As teenagers many of us were the subject of Womantalk, but telling our own stories was rarely an option. Victims were shamed into silence, suppressed by the threat of violence or sent away. In the 1970’s the time for advocacy was well overdue. The second wave of feminism had risen in the form of the Women’s Liberation Movement, and feminists were not only telling their stories publicly, they were acting on them, demanding law reform, the provision of Women’s health and information services and equal rights. Their stories had been kept secret long enough. Breaking the silence around issues of violence against women was a political act, a catalyst for achieving justice for women.

I became privy to many women’s stories while working in Australia’s newly created Rape Crisis Centres and Women’s Refuges in the 1970’s and 1980’s. It was here I learnt that every woman who came through the door had a story to tell, and often it was similar to the stories of the women who worked in the centres. I read Germaine Greer and Anne Summers seminal books, The Female Eunuch and Damned Whores and God’s Police, to gain a framework in understanding the oppression of Women as a class. With my feminist sisters I sang American song writer, Holly Near’s song Fight Back, at demonstrations:

‘Women all around the world,

every colour religion or age,

one thing we got in common,

we can all be battered and raped,

We can all be battered and raped.

And so we gotta fight back,

In large numbers,

Fight back,

I can’t make it alone,

Fight back,

In large numbers,

Together we can make a safe home.

Together we can make a safe home.’

My belief in the power of women as a force for political change emboldened me to tell my own story and advocate for the right of others to tell theirs. However it would be many years before I understood how best to advocate for myself.

While the foundation of my belief system is grounded in Feminism, I discovered that the oral telling of traditional folktales was a creative and exciting medium for expressing those beliefs. It did not take me long to find tales of wily women and clever girls. Sheroes. These were the stories I needed to hear, and thereby reasoned that others did too. Storyteller, Gill Di Stefano became my friend and mentor, and together we worked on stories of empowerment.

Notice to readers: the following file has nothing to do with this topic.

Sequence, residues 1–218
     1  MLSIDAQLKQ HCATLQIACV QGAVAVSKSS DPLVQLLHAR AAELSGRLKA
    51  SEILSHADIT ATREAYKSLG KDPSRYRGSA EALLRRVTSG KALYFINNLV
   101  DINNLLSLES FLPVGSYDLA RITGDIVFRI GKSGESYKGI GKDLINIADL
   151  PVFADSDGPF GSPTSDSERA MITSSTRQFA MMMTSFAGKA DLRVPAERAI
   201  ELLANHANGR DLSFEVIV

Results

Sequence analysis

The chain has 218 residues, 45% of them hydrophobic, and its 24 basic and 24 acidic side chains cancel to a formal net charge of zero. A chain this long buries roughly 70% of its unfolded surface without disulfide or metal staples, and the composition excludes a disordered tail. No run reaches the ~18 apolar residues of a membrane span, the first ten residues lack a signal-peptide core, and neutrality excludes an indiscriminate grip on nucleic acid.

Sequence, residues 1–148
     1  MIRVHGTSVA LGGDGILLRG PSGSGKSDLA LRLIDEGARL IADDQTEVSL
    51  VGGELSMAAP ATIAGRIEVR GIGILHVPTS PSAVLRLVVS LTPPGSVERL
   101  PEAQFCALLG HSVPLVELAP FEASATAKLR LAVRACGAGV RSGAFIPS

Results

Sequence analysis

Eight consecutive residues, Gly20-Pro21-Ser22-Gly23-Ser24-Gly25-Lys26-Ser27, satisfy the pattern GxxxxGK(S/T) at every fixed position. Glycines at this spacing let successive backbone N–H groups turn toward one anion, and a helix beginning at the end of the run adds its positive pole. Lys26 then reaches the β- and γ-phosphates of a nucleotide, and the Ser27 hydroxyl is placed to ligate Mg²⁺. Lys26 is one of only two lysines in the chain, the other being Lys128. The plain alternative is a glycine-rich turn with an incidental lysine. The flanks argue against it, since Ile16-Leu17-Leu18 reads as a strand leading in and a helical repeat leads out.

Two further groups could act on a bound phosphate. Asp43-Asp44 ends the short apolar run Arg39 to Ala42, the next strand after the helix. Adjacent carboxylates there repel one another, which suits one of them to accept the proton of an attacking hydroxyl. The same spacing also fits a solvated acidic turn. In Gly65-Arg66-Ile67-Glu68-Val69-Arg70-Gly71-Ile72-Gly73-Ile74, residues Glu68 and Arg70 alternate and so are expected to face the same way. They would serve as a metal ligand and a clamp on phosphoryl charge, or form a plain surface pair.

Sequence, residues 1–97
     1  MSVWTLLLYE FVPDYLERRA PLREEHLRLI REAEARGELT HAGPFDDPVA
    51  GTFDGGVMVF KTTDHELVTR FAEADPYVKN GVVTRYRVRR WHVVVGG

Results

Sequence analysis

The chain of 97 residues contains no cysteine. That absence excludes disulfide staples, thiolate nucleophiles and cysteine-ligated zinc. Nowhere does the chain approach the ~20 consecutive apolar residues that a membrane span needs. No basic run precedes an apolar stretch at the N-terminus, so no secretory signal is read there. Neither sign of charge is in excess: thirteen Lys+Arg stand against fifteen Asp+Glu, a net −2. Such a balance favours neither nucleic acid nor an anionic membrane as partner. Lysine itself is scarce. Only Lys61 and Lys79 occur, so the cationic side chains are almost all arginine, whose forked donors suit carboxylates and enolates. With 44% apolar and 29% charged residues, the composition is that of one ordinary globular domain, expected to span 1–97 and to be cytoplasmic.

For the past thirty years I have told folktales, not the personal stories of women from my work in Women’s Services. Aside from the ethics of sharing another’s story in a context they are not aware of, I choose to tell folktales because they are the stories of the people, all people. They are our global inheritance. The joy of working with traditional stories is that there is a story for every purpose. They are a mirror reflecting our humanity, or lack of it. My task is to find the right story to tell at the right time to the right audience!

I am often asked why I became a storyteller, and for many years I gave explanations about the application of oral storytelling in the promotion of cultural diversity, literacy, oral traditions, education and communication. All valid reasons that I still subscribe too. However, one day I answered without thinking; because I want to be heard.

The most important validation any storyteller can receive is to be listened to. A story does not live without a listener. For centuries folktales have travelled from from tongue to ear and in recent times been written down, only to leap off the page and continue their journey with a new generation of tellers. Some stories have died with the tellers, and others have been resurrected and given new meaning.

Storytellers, Bettina Nissen and Harriet Mason said respectively, ‘ All stories are personal,’ and ‘If you want to be heard you will be.’ I have taken these words to heart, allowing them to guide me on my storytelling path. This is why I tell the story of Little Red Riding Hood.